Return of The Gillie Mor
Christine Gunn sets the scene for a celebration of folk culture in Caithness
CAITHNESS Horizons in Thurso has added The Gillie Mor to the cultural calendar of the Highlands.
LAST March saw the emergence of a three-day festival of talks, books, film, story-telling, folklore, music and poetry which put the spotlight on the life and work of folk icon, Hamish Henderson. While keeping Hamish Henderson as the festival figurehead, organisers this year are keen to stress that the weekend is not about one man. The 2012 programme of events and song workshops, which includes Dick Gaughan, Margaret Bennett, Essie Stewart, George Gunn, Nancy Nicolson, Kevin Williamson and Dr Fred Freeman, is designed to take forward the grass-roots ambitions of the man who did so much to discover, record and promote a wealth of songs and stories that might otherwise have disappeared from Scotland forever.
Folk phenomenon Dick Gaughan’s presence in this year’s programme may help audiences understand how the festival got its name. The Gillie Mor [The Big Lad’] became Henderson’s nickname after he wrote a song of the same title as a message of friendship and solidarity at the height of the Cold War from the Blacksmith’s Trade Union in Leith to the Blacksmith’s Trade Union in Kiev in the Ukraine. The song is perhaps most familiar to audiences all over the world through its recording by Dick Gaughan.
A professional musician and singer since 1970, Dick Gaughan – like Henderson – was brought up and immersed in the musical traditions of the Gaels. Over four decades he has been at the cutting edge of Scottish music. Guitarist, singer, songwriter, actor, musical director, composer, arranger, producer and engineer, Gaughan’s expressive voice and distinctive guitar technique are unmistakeable, and his orchestral work has been commissioned more than once for Glasgow’s Celtic Connections festival.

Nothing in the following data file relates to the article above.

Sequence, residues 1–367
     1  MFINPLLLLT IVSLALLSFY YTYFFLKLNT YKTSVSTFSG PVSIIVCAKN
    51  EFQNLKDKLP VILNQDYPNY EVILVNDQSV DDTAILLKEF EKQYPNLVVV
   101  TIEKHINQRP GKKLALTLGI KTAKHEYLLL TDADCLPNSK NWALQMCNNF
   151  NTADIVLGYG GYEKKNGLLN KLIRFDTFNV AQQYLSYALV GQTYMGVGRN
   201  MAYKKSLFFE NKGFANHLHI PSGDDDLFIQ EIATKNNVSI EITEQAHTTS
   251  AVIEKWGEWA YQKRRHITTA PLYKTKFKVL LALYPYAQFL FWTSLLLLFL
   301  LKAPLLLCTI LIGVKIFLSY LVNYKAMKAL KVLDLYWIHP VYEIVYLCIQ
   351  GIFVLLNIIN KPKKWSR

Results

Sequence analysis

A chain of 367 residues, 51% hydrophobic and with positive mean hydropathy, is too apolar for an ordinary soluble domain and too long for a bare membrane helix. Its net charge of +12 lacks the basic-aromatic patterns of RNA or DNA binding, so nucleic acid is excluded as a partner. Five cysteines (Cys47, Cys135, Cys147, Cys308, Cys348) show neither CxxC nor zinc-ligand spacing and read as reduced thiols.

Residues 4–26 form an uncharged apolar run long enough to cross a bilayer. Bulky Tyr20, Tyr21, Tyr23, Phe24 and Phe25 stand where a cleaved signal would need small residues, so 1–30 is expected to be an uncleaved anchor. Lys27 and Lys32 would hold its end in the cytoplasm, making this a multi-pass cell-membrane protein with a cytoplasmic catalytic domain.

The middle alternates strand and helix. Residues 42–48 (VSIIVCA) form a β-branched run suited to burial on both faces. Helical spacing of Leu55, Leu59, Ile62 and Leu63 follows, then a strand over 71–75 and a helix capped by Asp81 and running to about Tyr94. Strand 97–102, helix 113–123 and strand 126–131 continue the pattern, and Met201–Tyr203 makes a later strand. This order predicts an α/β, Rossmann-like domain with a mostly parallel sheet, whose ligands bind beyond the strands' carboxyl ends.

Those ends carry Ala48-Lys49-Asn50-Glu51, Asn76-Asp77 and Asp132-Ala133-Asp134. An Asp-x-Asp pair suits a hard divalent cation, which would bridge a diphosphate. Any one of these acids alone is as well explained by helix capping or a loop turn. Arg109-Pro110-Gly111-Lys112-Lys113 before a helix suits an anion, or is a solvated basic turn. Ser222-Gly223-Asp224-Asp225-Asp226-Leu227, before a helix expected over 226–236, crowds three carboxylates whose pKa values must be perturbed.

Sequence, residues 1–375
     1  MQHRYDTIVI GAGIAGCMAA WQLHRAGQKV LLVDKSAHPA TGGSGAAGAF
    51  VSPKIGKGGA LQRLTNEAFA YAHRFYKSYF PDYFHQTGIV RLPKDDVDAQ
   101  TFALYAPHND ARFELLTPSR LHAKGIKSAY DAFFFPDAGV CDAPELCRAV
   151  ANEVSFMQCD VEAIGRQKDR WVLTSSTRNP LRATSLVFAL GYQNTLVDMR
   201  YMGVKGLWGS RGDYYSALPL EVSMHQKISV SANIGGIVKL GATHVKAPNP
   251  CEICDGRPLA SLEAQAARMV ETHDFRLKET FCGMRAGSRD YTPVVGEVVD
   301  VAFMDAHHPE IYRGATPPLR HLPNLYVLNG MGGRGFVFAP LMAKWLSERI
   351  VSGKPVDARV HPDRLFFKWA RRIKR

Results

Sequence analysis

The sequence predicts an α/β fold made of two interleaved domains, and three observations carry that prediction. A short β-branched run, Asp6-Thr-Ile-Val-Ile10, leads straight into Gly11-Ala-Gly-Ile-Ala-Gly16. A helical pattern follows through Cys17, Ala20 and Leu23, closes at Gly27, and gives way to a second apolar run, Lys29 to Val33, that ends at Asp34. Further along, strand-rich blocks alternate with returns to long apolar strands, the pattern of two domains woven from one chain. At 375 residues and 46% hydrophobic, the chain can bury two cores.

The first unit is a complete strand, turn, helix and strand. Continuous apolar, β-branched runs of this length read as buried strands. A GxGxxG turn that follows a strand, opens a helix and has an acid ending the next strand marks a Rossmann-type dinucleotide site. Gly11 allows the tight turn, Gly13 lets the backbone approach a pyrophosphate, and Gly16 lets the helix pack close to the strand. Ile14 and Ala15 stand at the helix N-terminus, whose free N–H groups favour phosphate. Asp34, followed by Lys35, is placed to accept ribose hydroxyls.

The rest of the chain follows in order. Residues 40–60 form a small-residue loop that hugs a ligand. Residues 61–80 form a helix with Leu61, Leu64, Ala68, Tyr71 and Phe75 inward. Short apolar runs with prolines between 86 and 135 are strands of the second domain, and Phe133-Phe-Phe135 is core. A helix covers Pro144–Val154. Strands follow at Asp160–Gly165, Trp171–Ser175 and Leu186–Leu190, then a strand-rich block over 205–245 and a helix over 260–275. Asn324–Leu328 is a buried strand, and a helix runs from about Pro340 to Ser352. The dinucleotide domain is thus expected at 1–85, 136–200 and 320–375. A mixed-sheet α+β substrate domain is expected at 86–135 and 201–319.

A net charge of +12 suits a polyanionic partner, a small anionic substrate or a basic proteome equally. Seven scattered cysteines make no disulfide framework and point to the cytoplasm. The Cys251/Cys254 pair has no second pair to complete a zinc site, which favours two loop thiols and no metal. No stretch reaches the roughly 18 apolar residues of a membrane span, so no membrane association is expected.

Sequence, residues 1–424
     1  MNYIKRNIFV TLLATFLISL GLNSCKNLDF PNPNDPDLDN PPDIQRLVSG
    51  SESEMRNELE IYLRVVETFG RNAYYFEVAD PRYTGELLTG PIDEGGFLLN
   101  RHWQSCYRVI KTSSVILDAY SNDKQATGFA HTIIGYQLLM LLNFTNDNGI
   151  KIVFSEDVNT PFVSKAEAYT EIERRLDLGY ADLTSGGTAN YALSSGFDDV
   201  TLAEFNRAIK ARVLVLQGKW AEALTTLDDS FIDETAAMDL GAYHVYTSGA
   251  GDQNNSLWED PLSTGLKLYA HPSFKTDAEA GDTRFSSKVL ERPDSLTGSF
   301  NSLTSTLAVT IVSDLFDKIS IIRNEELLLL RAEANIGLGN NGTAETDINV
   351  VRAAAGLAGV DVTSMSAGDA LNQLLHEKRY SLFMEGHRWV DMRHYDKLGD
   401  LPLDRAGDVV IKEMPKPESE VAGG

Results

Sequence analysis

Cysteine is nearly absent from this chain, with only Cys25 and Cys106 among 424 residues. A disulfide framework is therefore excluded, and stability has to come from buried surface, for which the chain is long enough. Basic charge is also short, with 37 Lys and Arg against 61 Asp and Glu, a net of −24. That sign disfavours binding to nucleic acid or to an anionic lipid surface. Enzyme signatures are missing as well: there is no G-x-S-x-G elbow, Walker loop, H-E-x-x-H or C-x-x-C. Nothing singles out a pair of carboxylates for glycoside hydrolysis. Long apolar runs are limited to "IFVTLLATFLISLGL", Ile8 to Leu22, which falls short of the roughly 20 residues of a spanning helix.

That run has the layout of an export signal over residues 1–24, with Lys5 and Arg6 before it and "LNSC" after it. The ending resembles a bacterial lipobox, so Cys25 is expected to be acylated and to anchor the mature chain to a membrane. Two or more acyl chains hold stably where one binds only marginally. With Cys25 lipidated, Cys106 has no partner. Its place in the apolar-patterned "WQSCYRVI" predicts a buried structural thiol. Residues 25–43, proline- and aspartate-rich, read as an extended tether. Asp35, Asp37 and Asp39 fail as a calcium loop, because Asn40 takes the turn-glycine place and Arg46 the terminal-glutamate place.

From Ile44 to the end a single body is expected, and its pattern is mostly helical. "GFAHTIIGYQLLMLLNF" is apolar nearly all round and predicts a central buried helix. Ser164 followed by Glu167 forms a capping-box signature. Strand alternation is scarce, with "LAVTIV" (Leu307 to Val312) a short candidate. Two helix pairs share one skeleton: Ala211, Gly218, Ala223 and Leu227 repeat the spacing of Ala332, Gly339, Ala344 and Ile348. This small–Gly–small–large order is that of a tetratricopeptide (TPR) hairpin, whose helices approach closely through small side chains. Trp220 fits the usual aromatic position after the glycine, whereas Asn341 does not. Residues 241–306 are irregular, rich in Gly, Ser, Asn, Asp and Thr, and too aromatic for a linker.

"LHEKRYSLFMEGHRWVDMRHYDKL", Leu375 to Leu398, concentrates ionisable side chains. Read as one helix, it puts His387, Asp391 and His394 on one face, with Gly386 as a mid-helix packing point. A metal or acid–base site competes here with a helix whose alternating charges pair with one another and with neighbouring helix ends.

Explicitly in sympathy with the oppressed and the underdog, Gaughan’s songs, like the songs and poetry of Hamish Henderson, are Scottish in expression but internationalist in spirit, and share a burning passion for humanitarian egalitarianism. As he has often sung in Henderson’s words, ‘You and me, the man, the brither – me an you, the Gillie Mor’.
Margaret Bennett returns to Thurso this year with ‘Highland Exodus’, a talk and slide presentation about Highland emigrants to Canada during the Potato Famine of the 19th century. A writer and academic, Margaret is as well known as a singer and folklorist, and she worked with Hamish Henderson at the School of Scottish Studies in Edinburgh University.
The issue of roadsigns in Gaelic has created heated debate recently in Caithness, which is proud of its Norse heritage. Boldly, Caithness Horizons has invited Margaret to run two workshops during the festival, teaching one or more Gaelic songs, which partipants will sing at an end-of festival ceilidh.
We are not being provocative. Folk culture is global, and I can think of no-one better than Margaret Bennett to demonstrate how folk song pushes right through cultural barriers. We want Gillie Mor to become a festival of the people by the people, and to achieve that takes confidence in our own identity – or identities.
Essie Stewart knows well the bi-lingual nature of Highland folklore. Known throughout the Highlands as a traditional storyteller from Sutherland – one of the last ‘Summer Walkers’ of the travelling families – Essie Stewart is proud to be guardian of the stories of her grandfather, Ailidh Dall Stewart (1882-1968), and tells his stories in both English and Gaelic. Essie hopes her return to Thurso might turn up new contacts with local people who remember the family when they camped with their horses at Glengolly.
Sharing a song and story session with Essie Stewart, Nancy Nicolson is now Edinburgh-based. Still proud of her Caithness croft background, and of being what she calls a ‘Cultural Crofter’, Nancy enjoys involving people in song, music and story. At a recent Festival Fringe she arrived at Edinburgh’s Royal Oak folk venue, melodeon slung over her shoulder, to the announcement, ‘Here she is … the Instant Ceilidh!’